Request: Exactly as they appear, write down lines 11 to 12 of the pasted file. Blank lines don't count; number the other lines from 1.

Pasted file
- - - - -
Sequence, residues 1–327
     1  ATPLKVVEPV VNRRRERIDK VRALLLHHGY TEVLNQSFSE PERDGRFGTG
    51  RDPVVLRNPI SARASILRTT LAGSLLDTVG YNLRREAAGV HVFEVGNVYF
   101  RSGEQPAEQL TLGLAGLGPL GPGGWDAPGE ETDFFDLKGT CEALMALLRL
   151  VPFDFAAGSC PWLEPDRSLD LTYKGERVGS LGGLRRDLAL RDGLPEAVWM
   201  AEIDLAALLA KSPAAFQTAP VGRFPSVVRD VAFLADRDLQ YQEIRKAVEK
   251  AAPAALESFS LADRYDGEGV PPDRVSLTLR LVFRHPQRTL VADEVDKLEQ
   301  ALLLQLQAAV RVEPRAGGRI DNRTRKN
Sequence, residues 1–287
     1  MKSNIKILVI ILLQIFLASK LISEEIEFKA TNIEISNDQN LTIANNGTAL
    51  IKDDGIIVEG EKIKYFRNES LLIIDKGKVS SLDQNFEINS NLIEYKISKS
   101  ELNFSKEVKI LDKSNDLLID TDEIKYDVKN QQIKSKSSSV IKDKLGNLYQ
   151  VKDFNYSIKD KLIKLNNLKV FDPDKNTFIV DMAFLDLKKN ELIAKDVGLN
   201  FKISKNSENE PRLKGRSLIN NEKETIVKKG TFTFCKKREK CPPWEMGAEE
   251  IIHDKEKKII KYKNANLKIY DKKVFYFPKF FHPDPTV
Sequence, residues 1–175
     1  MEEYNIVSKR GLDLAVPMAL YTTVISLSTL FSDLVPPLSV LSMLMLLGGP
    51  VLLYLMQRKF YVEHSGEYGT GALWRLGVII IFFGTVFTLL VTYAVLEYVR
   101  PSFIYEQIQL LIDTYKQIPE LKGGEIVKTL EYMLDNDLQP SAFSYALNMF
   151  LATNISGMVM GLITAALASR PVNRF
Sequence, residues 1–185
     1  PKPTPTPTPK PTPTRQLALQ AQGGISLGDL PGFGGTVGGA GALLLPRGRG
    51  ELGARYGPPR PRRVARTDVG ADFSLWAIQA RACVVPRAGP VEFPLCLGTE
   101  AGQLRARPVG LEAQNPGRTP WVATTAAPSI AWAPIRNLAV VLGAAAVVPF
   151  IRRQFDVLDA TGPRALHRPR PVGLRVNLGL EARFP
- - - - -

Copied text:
    51  IKDDGIIVEG EKIKYFRNES LLIIDKGKVS SLDQNFEINS NLIEYKISKS
   101  ELNFSKEVKI LDKSNDLLID TDEIKYDVKN QQIKSKSSSV IKDKLGNLYQ